[ISN] All versions of Microsoft Internet Information Services, Remote buffer overflow (SYSTEM Level Access)

From: Marc Maiffret (marcat_private)
Date: Mon Jun 18 2001 - 16:50:11 PDT

  • Next message: InfoSec News: "[ISN] TVA workers reprimanded for alien search"

    All versions of Microsoft Internet Information Services, Remote buffer
    overflow (SYSTEM Level Access)
    Release Date:
    June 18, 2001
    High (Remote SYSTEM level code execution)
    Systems Affected:
    Microsoft Windows NT 4.0 Internet Information Services 4.0
    Microsoft Windows 2000 Internet Information Services 5.0
    Microsoft Windows XP beta Internet Information Services 6.0 beta
    There exists a remote buffer overflow vulnerability in all versions of
    Microsoft Internet Information Services (IIS) Web server software.
    The vulnerability lies within the code that allows a Web server to interact
    with Microsoft Indexing Service functionality. The vulnerable Indexing
    Service ISAPI filter is installed by default on all versions of IIS. The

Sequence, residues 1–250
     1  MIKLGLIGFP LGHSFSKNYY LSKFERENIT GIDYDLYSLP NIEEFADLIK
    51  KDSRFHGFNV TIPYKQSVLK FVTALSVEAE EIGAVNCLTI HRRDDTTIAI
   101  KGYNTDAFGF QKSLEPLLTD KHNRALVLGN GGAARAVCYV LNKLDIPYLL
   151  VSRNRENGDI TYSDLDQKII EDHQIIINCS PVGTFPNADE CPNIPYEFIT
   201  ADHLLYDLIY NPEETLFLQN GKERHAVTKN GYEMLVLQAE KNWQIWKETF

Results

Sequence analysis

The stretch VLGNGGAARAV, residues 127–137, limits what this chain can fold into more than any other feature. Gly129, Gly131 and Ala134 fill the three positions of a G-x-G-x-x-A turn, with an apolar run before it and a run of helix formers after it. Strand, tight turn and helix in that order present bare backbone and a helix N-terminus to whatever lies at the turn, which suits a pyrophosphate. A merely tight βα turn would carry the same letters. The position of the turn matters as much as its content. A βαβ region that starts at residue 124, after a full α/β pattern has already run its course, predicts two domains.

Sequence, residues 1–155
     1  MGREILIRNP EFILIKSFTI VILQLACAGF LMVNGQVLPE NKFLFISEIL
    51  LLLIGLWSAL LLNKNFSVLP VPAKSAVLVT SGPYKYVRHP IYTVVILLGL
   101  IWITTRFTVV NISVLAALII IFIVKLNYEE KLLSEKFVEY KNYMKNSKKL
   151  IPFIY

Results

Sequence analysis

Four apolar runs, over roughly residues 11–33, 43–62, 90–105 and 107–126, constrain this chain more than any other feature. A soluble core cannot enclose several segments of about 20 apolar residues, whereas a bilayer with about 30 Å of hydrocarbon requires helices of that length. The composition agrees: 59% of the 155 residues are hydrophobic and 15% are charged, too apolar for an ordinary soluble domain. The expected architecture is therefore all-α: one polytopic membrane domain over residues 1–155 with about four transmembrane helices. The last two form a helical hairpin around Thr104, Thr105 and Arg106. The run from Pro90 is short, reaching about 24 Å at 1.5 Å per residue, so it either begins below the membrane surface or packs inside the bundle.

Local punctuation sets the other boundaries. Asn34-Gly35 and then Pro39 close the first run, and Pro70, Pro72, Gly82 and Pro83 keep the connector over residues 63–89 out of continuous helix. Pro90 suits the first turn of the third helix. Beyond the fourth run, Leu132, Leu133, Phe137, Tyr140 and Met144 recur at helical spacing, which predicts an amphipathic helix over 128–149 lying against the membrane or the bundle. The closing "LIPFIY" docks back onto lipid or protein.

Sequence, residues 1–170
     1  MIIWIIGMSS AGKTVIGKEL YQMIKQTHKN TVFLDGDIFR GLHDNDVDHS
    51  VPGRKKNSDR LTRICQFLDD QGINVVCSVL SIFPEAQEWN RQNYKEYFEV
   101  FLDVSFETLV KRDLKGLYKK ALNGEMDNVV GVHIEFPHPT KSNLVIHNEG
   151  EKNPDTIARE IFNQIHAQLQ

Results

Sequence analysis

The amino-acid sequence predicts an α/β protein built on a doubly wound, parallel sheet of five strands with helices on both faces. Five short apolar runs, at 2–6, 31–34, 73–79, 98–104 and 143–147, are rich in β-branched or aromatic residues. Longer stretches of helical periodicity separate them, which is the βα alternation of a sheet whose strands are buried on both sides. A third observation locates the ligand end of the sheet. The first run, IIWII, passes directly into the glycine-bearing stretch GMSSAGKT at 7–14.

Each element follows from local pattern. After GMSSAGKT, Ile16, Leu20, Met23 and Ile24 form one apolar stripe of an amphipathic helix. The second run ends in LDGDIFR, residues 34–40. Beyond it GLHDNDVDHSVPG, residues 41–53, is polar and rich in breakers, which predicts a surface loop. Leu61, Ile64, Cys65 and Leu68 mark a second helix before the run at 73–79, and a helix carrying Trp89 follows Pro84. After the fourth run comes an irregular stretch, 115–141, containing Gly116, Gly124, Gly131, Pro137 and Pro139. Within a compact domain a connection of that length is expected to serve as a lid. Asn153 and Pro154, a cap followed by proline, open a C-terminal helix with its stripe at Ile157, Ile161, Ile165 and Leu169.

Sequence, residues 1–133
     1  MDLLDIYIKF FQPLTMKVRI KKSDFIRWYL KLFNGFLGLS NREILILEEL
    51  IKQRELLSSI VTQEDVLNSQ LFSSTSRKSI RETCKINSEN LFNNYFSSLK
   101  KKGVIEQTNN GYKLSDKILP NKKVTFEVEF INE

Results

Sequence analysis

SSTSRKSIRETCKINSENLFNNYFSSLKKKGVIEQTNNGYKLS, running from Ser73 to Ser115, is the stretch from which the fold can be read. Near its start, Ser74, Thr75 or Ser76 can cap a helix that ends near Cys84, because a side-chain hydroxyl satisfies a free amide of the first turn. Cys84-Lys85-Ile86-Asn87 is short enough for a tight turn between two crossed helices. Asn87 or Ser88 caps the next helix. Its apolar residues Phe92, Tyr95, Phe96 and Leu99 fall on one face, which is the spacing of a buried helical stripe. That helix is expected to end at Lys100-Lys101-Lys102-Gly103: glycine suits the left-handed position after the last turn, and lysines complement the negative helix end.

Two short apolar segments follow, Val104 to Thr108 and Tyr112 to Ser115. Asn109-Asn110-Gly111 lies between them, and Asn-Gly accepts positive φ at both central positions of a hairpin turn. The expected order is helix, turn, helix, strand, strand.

problem lies in the fact that the .ida (Indexing Service) ISAPI filter does
    not perform proper "bounds checking" on user inputted buffers and therefore
    is susceptible to a buffer overflow attack.
    Attackers that leverage the vulnerability can, from a remote location, gain
    full SYSTEM level access to any server that is running a default
    installation of Windows NT 4.0, Windows 2000, or Windows XP and using
    Microsoft’s IIS Web server software. With system-level access, an attacker
    can perform any desired action, including installing and running programs,
    manipulating Web server databases, adding, changing or deleting files and
    Web pages, and more.
    The Discovery: